Nonfiction: Weird America

Gregory Gibson, Hubert’s Freaks: The Rare-Book Dealer, the Times Square Talker, and the Lost Photos of Diane Arbus (Harcourt, April 2008)

When Bob Langmuir, a small-time book dealer from Philadelphia, purchased a collection of old photographs in Brooklyn in 2003, he merely hoped they could be resold for a small but healthy profit. The photos, most of which dated from the 1960s, were portraits of side-show freaks: obese women in tutus, muscular African-American men dressed as savages, a woman named “Woogie” dancing with a python. Many of the photos were taken at Hubert’s Dime Museum and Flea Circus, a now-defunct Times Square freak show with a long inglorious history and a knack for attracting celebrities, including Tom Wolfe, Bob Dylan and Diane Arbus.
As Gregory Gibson writes in Hubert’s Freaks, Langmuir soon discovered that many of the photos were, in fact, the lost and extremely valuable work of Arbus, and seeing the potential for income, he set out to have them authenticated. Interweaving Langmuir’s story—as he negotiates with museum curators, auction houses and the Arbus estate—with that of Arbus and the freaks that inhabit her photographs, Gibson has crafted a story of great breadth and historical depth. Although Gibson’s primary interest lies in exploring Langmuir’s neurotic psyche, he also brings to light some fascinating bits of New York’s underground history and ponders the relationship between Arbus’s photography and her subjects.
Arbus is best-known for her classically composed portraits of surreal figures: drag queens, prostitutes, dwarves, and other marginalized members of society. One of her most famous shots, “Jewish Giant at Home with His Parents,” shows an outsized man staring at his parents in their home, dwarfing his surroundings. Like much of Arbus’s work, it contrasts freakishness with tedium, otherness with normalcy. By the time she committed suicide in a bathtub, in 1971, Arbus had become well-known for her portraits of freaks, some of which have since become exceptionally valuable. In April 2004, at a Sotheby’s auction, one of her prints sold for just under half a million dollars.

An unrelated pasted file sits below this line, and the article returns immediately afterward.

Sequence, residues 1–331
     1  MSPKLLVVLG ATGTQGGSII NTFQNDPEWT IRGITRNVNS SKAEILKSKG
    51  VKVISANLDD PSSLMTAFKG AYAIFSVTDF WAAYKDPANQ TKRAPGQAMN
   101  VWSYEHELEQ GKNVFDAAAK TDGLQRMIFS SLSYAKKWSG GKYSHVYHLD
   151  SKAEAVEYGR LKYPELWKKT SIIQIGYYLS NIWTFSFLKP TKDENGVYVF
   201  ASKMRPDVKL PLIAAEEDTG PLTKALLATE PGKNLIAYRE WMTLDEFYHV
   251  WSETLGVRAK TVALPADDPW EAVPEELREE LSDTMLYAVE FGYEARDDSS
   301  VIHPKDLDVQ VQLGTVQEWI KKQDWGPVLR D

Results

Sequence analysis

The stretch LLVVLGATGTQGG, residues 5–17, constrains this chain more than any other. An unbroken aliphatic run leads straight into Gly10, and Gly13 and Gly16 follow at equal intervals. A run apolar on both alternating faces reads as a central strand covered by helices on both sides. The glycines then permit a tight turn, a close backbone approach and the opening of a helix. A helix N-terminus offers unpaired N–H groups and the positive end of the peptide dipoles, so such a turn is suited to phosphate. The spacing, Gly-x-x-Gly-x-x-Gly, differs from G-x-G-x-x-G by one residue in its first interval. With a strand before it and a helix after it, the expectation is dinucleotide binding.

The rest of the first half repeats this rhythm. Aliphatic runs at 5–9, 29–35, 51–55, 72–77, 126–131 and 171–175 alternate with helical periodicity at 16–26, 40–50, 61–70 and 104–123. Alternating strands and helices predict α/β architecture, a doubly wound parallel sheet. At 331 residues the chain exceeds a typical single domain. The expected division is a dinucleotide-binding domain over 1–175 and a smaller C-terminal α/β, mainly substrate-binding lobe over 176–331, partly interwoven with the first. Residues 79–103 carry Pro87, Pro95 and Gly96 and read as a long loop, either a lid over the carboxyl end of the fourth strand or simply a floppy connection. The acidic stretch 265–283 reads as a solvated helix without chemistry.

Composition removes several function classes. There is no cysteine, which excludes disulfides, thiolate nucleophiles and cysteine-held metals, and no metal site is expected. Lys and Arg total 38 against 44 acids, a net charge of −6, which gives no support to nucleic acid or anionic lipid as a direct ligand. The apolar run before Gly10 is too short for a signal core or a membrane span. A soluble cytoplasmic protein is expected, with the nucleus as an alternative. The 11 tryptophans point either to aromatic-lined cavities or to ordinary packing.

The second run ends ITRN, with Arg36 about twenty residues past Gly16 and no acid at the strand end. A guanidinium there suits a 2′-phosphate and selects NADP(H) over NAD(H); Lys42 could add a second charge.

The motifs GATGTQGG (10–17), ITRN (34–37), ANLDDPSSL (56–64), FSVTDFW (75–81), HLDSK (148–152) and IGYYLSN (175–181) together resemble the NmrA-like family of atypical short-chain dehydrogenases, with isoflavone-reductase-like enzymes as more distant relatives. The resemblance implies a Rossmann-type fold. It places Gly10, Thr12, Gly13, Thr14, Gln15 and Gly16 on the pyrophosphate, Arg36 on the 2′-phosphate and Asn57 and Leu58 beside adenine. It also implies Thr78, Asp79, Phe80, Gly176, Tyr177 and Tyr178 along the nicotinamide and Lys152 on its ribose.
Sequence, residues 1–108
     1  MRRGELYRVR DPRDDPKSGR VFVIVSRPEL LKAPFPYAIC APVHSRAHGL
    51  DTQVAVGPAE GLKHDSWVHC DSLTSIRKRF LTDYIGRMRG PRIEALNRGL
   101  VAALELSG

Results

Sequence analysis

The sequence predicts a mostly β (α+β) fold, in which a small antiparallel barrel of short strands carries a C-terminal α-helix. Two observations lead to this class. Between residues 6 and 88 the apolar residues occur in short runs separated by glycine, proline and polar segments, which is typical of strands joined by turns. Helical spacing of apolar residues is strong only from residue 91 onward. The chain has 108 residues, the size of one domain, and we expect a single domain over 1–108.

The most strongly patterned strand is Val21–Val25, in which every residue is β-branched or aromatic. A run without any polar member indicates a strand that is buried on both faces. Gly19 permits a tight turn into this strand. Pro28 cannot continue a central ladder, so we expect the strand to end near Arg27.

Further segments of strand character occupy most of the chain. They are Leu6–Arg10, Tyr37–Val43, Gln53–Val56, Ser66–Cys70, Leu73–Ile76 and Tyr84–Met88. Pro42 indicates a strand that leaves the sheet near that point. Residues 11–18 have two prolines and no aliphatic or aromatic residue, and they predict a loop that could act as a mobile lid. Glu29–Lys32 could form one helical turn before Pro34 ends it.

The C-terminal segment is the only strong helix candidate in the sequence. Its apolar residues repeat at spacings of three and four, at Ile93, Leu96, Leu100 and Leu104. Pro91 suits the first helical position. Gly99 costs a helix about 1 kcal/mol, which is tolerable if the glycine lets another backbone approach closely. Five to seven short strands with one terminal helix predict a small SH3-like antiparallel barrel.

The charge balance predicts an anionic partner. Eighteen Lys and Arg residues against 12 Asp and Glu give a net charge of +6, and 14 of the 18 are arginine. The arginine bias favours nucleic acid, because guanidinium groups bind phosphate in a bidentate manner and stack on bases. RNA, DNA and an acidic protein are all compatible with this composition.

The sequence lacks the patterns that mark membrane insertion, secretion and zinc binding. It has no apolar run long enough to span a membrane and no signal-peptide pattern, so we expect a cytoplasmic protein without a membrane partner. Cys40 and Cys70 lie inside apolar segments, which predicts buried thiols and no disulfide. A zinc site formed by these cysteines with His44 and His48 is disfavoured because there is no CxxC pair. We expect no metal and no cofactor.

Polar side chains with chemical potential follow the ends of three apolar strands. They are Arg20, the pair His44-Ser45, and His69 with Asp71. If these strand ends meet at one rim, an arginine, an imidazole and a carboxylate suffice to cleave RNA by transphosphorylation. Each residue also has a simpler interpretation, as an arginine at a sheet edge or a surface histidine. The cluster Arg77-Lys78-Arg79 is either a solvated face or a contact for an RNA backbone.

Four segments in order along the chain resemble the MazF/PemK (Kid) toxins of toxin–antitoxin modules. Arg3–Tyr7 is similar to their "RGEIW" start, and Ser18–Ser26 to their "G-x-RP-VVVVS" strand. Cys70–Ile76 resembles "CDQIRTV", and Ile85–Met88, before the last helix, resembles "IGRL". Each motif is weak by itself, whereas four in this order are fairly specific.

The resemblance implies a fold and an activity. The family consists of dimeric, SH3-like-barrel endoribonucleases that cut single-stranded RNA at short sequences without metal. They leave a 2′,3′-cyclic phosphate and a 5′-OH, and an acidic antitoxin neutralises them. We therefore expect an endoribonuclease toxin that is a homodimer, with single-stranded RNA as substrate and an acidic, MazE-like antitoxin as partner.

As Susan Sontag wrote in On Photography, “the most striking aspect of Arbus’s work is that she seems to have enrolled in one of art photography’s most vigorous enterprises—concentrating on victims, on the unfortunate—but without the compassionate purpose that such a project is expected to serve.” It is an interpretation of Arbus’s work that Gibson finds simplistic and nasty and, as a riposte, he details Arbus’s close relationship with many of her subjects, including Charlie Lucas (the Hubert’s Museum “pitchman”) and his wife. Arbus’s work, he claims, is a celebration of folksy American culture or, as Greil Marcus calls it, “Old Weird America.”
It’s a convincing argument that, unfortunately, is hampered by Gibson’s largely unremarkable writing style. Although the book’s subject matter is fascinating, its strands are often awkwardly woven together, and its plot jumps unexpectedly from one narrative to another. Langmuir’s quest to authenticate the photos, as a result, is robbed of much of its tension, and his personal turmoil remains oddly un-compelling. Despite that, Hubert’s Freaks offers a worthwhile, if flawed, glimpse into a New York of celebratory weirdness that has become all too rare, and, in Arbus, an artist who remains vitally complex.

Contributor

Thomas Rogers

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